Publication statistics

Pub. period:2008-2012
Pub. count:4
Number of co-authors:3


Number of publications with 3 favourite co-authors:

David Dubin:
Richard J. Urban:
Allen H. Renear:



Productive colleagues

Karen M. Wickett's 3 most productive colleagues in number of publications:

Allen H. Renear:5
David Dubin:4
Richard J. Urban:2

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Karen M. Wickett


Publications by Karen M. Wickett (bibliography)

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Wickett, Karen M. and Renear, Allen H. (2012): The logical form of the proposition expressed by a metadata record. In: JCDL12 Proceedings of the 2012 Joint International Conference on Digital Libraries 2012. pp. 413-414.

Metadata records are a ubiquitous and foundational feature of contemporary information systems. However, while their simple surface structure may lead us to think that the semantics of a metadata record is unproblematic and easily discerned, our analysis of an example record suggests otherwise. We show three possibilities for the logical form of the proposition expressed by a metadata record. All three are substantially different in the first order constructs utilized, and no two can be recognized as equivalent for the purposes of information organization. The semantics of the common metadata record is elusive. The main source of this problem appears to be the identifier attribute. Although identifier attributes have the syntactic appearance of any other attribute in the metadata vocabulary, this uniformity conceals their potential for assuming a distinctive semantic role, and one which appears to cross the traditional object language / metalanguage boundary, suggesting that translation of colloquial metadata records into logic-based knowledge representations does not take place entirely at a first-order level.

© All rights reserved Wickett and Renear and/or ACM Press

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Wickett, Karen M., Urban, Richard J. and Renear, Allen H. (2012): Towards a logical form for descriptive metadata. In: Proceedings of the 2012 iConference 2012. pp. 574-575.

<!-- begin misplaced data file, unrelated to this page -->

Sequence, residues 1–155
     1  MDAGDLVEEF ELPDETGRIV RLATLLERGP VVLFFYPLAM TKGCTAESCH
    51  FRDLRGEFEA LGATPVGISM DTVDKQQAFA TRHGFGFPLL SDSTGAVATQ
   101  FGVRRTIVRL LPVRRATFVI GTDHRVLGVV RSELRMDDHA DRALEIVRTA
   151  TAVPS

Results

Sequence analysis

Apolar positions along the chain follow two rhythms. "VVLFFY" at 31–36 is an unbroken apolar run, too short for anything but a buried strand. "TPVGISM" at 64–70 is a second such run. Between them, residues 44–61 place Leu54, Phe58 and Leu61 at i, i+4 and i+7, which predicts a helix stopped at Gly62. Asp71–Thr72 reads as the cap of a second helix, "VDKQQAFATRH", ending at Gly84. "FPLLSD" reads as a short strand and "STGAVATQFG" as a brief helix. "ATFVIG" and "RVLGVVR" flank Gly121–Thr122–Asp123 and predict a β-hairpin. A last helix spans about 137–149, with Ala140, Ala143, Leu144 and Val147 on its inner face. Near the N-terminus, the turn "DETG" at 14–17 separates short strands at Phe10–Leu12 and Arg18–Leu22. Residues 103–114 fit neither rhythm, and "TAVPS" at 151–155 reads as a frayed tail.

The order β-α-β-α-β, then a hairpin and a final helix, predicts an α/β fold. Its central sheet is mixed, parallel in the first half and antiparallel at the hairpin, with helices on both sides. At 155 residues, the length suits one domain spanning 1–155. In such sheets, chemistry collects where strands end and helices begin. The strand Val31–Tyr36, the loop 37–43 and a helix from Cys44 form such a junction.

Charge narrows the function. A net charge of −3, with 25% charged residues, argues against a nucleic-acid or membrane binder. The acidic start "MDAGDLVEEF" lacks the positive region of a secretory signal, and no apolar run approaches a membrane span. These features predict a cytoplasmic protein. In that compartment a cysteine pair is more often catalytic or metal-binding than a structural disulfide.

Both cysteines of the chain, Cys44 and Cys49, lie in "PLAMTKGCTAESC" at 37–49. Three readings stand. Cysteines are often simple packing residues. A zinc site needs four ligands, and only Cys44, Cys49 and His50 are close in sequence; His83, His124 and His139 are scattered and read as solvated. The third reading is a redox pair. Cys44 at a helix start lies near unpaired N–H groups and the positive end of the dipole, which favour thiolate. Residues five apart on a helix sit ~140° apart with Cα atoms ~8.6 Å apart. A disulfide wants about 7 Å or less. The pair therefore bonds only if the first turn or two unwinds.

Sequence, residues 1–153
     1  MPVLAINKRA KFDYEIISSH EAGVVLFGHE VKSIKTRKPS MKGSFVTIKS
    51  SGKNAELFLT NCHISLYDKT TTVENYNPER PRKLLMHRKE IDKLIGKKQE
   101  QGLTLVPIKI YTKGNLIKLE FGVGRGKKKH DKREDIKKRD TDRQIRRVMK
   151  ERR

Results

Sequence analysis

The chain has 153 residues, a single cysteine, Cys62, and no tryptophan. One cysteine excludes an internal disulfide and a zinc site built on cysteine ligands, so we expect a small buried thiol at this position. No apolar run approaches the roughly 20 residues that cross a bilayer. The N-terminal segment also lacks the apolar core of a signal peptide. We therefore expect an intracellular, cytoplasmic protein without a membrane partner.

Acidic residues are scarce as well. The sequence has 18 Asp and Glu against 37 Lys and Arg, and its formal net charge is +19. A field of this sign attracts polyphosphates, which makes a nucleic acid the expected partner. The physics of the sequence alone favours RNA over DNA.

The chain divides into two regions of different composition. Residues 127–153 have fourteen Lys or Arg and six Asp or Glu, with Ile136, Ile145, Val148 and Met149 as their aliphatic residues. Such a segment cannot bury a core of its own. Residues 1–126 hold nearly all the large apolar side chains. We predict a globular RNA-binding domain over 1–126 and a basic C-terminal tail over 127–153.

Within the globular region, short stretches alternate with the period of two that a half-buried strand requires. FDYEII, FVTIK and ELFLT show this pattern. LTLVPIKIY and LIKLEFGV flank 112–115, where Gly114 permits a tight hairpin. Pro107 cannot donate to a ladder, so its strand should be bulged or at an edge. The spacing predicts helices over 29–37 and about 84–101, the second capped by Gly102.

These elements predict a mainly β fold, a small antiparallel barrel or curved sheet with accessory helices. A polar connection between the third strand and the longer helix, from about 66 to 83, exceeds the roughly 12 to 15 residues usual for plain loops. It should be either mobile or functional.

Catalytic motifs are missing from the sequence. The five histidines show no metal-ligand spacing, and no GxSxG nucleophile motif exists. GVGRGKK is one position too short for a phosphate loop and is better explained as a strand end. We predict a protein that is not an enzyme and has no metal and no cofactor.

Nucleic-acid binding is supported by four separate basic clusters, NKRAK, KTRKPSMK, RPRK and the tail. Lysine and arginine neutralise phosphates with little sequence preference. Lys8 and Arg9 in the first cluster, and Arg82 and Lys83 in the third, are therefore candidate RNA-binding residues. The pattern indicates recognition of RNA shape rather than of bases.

Open linked data and semantic technologies promise support for information integration and inferencing. But taking advantage of this support often requires that the information carried by ordinary "colloquial" metadata records be made explicit and computationally available. Given the structured nature of most metadata records this looks easy to do; and conversion from metadata records to computer processable knowledge representation languages such as RDF is now commonplace. Nevertheless a precise formal characterization of the semantics of common colloquial metadata records is more involved than appearances would suggest. We explore two approaches to formalization and discuss some issues related to the nature of identifier elements in colloquial metadata records and the use of individual constants in knowledge representation.

© All rights reserved Wickett et al. and/or their publisher

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Wickett, Karen M. (2011): Expressiveness requirements for reasoning about collection/item metadata relationships. In: Proceedings of the 2011 iConference 2011. pp. 796-797.

Logical relationships between descriptive metadata statements can reveal important semantic features and support useful tools. This poster examines the logical features of a framework for collection/item metadata relationships, as part of placing the framework on a systematic logical foundation and assessing the logical requirements of systems to encode and reason over metadata relationships. The kind of logical constructs required to reason with these relationships will have an impact on the development of systems that take advantage of collection and item descriptions together.

© All rights reserved Wickett and/or ACM Press

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Renear, Allen H., Wickett, Karen M., Urban, Richard J. and Dubin, David (2008): The return of the trivial: problems formalizing collection/item metadata relationships. In: JCDL08 Proceedings of the 8th ACM/IEEE-CS Joint Conference on Digital Libraries 2008. p. 464.

Formalizing collection/item metadata relationships encounters the problem of trivial satisfaction. We offer a solution related to current work in IR and ontology evaluation.

© All rights reserved Renear et al. and/or ACM Press

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